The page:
8. Move the guide 680 along edge 300 of workpiece 320, so that marking/cutting tool 340 will make a mark, score or cut line 540 across workpiece 320.
Grasping insert base 580 and rule blade 200 enables the user to gain stability while ensuring that rule blade 200 does not move when making mark 540.
To use insert 560 and tape measure 20 as a compass, the following steps should be taken:
1. Manually release lock and automatic rewind switch 240 to unlock rule blade 200 if tape measure 20 is provided with a lock and automatic rewind switch 240;
2. Pull guide 680 until it is stopped by catch 600;
3. Place point 700 on workpiece 320;
4. Grasp tape measure 20 with first hand 360 placing index finger 400 on top of indicator arm 640;
5. Extend rule blade 200 to the desired length and reset switch 240 to lock;
6. Place the marking/cutting tool 340 against and hook 260;
7. Hold the marking/cutting tool 340 with the fingers 480 of second hand 460 and steady rule blade 200 by placing index finger 400 behind indicator arm 640 and on top of rule blade 200;
8. Rotate tape measure 20 around point 700, so that marking/cutting tool 340 will make an accurate mark, score or cut line 540 on workpiece 320.
Placing index finger 400 on top of rule blade 200, and applying pressure not only stabilizes the apparatus while making the arc or circle, but also ensures the accuracy of the measurement by preventing rule blade 200 from making any movement while making the arc or circle.
An alternative embodiment is shown in
In another alternative embodiment shown in
In another alternative embodiment shown in
In another alternative embodiment second stop 810 and wipe 820 are provided to resist further outward movement of insert 560. Wipe 820 resists upward movement of insert base 580 facilitating interlocking between catch 60 and second stop 810.
In another alternative embodiment shown in
Clip 850 can be attached using any conventional means including, but not limited to pivotally connected, a slide, snap, or magnetic connecting means. Additionally, clip 850 can be a bar extending completely across front wall 140 and be pivotally connected on both side walls 60 as shown in
To release insert 560, clip 850 is pushed up in the direction of arrow 851. Rule blade 200 is pulled in the direction of arrow 852, which because of friction will tend to also pull insert 560 in the direction of arrow 852. Furthermore, a button 870 or other quick release mechanism (not shown) can be provided to lock and/or release clip 850.
In an alternative embodiment shown in
In the embodiment shown in
Spring or flexible member 862 can be combined with the embodiment disclosed in
Casing 40 can include bumper 760 which can be constructed to conform to all or a portion of the shape of guide 680. In this embodiment all or a portion of guide 680 can be flush with front wall 140 and/or bottom wall 100. Recess 681 is shown for allowing guide 680 to be flush with front wall 140. Bumper 760 can be integrally molded with tape measure casing 40 or can be separate from tape measure casing. Bumper 760 can prevent guide 680 from inadvertently catching on a workpiece or other item and can increase the overall aesthetic appeal of tape measure 10.
In an alternative embodiment a gripping surface 950 can be provided on base 580 of insert 560. This gripping surface can increase the frictional coefficient between base 580 and rule blade 200 to resist slippage of rule blade 200 during use. Gripping surface 950 can cover the entire base 580 or a portion thereof, such as the area around catch 600 and/or the longitudinal middle of base 580. The gripping surface 950 can be any material of sufficient frictional coefficient, including but not limited to rubber and plastic.
Insert 560 can also be coated, painted and/or plated to increase its aesthetic appeal and/or wear resistance. Furthermore, for strength considerations, guide 680 can be fabricated out of a different material than base 580, such as steel, metal, or other material of suitable strength.
It will be understood that each of the elements described above, or two or more together may also find a useful application in other types of methods differing from the type described above.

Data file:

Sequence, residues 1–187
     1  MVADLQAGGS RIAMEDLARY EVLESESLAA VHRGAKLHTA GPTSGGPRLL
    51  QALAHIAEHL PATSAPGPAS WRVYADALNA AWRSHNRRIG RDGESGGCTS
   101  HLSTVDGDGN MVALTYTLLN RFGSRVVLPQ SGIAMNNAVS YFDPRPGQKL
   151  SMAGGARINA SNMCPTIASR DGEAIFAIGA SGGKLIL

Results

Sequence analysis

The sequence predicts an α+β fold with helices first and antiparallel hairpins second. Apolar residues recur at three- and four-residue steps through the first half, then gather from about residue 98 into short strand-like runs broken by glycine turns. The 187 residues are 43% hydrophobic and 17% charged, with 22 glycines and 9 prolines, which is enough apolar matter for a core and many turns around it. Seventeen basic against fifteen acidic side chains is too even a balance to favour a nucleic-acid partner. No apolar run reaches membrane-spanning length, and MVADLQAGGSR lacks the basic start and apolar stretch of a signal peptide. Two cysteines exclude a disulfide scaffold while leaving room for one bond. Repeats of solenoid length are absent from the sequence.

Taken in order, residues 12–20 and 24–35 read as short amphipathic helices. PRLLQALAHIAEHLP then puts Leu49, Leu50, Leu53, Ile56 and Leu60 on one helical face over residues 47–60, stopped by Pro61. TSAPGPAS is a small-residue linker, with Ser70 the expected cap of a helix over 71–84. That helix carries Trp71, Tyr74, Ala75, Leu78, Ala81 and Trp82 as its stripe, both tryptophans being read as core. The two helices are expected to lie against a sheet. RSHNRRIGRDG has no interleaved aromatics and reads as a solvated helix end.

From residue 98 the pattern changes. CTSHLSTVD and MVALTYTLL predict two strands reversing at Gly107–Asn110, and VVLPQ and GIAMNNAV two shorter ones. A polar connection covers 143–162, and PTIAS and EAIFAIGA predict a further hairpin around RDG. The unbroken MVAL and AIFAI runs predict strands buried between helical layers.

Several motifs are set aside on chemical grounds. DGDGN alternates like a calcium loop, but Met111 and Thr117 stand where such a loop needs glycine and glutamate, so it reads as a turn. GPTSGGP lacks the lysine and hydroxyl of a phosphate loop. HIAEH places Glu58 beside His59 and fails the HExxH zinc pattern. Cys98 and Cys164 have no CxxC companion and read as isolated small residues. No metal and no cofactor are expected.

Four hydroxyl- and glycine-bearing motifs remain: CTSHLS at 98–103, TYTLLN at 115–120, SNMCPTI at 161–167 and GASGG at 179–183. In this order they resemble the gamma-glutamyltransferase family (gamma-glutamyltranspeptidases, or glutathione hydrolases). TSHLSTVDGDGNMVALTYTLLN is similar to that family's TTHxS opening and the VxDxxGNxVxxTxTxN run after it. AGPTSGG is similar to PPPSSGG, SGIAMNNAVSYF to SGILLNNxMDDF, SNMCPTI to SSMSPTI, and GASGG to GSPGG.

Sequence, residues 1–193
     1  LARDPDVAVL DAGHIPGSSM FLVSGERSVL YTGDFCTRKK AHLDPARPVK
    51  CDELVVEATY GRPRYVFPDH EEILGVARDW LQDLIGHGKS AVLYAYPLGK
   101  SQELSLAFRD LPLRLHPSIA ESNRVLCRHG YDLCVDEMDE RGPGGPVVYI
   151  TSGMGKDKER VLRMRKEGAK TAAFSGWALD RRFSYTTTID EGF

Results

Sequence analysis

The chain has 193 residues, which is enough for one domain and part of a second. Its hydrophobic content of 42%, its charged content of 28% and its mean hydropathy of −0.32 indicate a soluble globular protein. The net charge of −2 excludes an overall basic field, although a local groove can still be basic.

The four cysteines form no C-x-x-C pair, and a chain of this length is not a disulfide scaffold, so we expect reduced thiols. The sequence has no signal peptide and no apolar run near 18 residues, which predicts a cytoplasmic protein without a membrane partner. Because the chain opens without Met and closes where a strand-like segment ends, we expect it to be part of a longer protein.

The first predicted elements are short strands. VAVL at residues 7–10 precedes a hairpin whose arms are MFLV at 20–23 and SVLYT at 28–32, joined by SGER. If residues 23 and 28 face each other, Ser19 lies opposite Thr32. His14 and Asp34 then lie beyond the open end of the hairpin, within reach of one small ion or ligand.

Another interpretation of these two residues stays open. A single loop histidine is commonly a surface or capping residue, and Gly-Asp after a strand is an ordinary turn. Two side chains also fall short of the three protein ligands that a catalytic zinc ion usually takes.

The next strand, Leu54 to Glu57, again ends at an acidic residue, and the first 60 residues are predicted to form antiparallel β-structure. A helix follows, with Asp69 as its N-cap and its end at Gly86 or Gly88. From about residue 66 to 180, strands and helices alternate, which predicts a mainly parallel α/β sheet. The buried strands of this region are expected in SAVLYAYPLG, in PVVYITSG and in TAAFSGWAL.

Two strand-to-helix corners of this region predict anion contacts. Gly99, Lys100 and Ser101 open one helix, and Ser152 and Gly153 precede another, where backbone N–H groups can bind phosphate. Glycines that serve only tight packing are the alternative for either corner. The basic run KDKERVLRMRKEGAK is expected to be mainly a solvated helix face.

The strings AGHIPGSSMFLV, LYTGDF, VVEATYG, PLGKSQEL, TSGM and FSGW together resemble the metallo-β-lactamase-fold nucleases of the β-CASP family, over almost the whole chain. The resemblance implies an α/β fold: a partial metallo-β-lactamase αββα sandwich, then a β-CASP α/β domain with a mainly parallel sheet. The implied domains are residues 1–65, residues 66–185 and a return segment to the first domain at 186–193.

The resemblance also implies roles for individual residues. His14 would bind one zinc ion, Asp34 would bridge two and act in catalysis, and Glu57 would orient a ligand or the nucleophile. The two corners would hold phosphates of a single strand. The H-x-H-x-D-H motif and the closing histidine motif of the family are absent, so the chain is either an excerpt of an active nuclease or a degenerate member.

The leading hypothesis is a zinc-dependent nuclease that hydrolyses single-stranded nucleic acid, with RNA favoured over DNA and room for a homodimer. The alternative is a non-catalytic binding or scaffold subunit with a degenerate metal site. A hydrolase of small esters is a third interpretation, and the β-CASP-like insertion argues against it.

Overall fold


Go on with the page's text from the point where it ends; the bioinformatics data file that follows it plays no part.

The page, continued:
Without further analysis, the foregoing will so fully reveal the gist of the present invention that others can, by applying current knowledge, readily adapt it for various applications without omitting features that, from the standpoint of prior art, fairly constitute essential characteristics of the generic or specific aspects of this invention set forth in the appended claims:
The following is a list of parts and materials suitable for use in the present invention:
tape measure apparatus
side wall of casing
top wall of casing
bottom wall of casing
rear wall of casing
front wall of casing
enclosure in casing
front wall of enclosure
rear wall of enclosure
aperture in casing for rule blade
base of aperture in casing
rule blade of tape measure
inner end of rule blade
outer end of rule blade
graduated indicia markings on rule blade
lock and automatic rewind switch of tape measure
rule blade locking bar
end hook of rule blade
rivets for end hook
edge of workpiece
top of workpiece
marking/cutting tool (pencil or knife)
tip of marking/cutting tool
finger of first hand
index finger of first hand
thumb of first hand
fingers of second hand
mark, score or cut line on workpiece
catch for insert
slot for insert
pin in casing
rear end of slot for insert
pins for insert
tracks in casing
front end of tracks
edges of insert base
notch for slot
portion of reduced width
portion of reduced width
indicator for insert
guide for insert
pivot point for guide
point for insert
pivot for insert
distance from indicator to end hook
second set of numbers
tip of button
spring or flexible member
All materials used or intended to be used in a human being are biocompatible, unless indicated otherwise. The insert 560 and other items may be constructed of metal, plastic, injection molded plastic, wood, or any other material which is substantially strong and durable.
The foregoing embodiments are presented by way of example only; the scope of the present invention is to be limited only by the following claims.
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|U.S. Classification||33/770, 33/27.03, 33/768, 33/668|
|International Classification||B43L9/04, G01B3/10, B25H7/04|
|Cooperative Classification||G01B2003/1089, G01B2003/1066, B25H7/04, G01B3/1061, G01B2003/1053, G01B2003/1079, G01B3/1071|
|European Classification||G01B3/10S, B25H7/04, G01B3/10R|
|Aug 14, 2009||FPAY||Fee payment|
Year of fee payment: 4
|Sep 27, 2013||REMI||Maintenance fee reminder mailed|
|Feb 13, 2014||FPAY||Fee payment|
Year of fee payment: 8
|Feb 13, 2014||SULP||Surcharge for late payment|
Year of fee payment: 7